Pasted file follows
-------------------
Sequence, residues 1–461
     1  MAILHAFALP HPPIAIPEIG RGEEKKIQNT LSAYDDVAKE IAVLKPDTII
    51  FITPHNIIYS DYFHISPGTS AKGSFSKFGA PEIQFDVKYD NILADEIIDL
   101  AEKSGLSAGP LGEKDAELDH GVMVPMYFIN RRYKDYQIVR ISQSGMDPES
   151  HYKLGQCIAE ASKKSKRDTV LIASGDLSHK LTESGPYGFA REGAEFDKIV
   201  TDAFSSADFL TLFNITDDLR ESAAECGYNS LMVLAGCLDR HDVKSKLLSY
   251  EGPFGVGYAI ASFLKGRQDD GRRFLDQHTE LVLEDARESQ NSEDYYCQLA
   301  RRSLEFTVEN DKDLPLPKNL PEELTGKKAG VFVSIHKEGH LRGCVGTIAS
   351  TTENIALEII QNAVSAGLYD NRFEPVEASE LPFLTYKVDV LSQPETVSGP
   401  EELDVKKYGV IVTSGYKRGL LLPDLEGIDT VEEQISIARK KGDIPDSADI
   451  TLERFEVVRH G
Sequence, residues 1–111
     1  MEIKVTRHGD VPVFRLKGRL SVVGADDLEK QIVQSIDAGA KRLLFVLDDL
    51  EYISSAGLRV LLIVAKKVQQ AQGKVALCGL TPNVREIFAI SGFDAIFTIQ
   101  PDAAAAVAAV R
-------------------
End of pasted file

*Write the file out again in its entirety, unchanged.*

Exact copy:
Sequence, residues 1–461
     1  MAILHAFALP HPPIAIPEIG RGEEKKIQNT LSAYDDVAKE IAVLKPDTII
    51  FITPHNIIYS DYFHISPGTS AKGSFSKFGA PEIQFDVKYD NILADEIIDL
   101  AEKSGLSAGP LGEKDAELDH GVMVPMYFIN RRYKDYQIVR ISQSGMDPES
   151  HYKLGQCIAE ASKKSKRDTV LIASGDLSHK LTESGPYGFA REGAEFDKIV
   201  TDAFSSADFL TLFNITDDLR ESAAECGYNS LMVLAGCLDR HDVKSKLLSY
   251  EGPFGVGYAI ASFLKGRQDD GRRFLDQHTE LVLEDARESQ NSEDYYCQLA
   301  RRSLEFTVEN DKDLPLPKNL PEELTGKKAG VFVSIHKEGH LRGCVGTIAS
   351  TTENIALEII QNAVSAGLYD NRFEPVEASE LPFLTYKVDV LSQPETVSGP
   401  EELDVKKYGV IVTSGYKRGL LLPDLEGIDT VEEQISIARK KGDIPDSADI
   451  TLERFEVVRH G
Sequence, residues 1–111
     1  MEIKVTRHGD VPVFRLKGRL SVVGADDLEK QIVQSIDAGA KRLLFVLDDL
    51  EYISSAGLRV LLIVAKKVQQ AQGKVALCGL TPNVREIFAI SGFDAIFTIQ
   101  PDAAAAVAAV R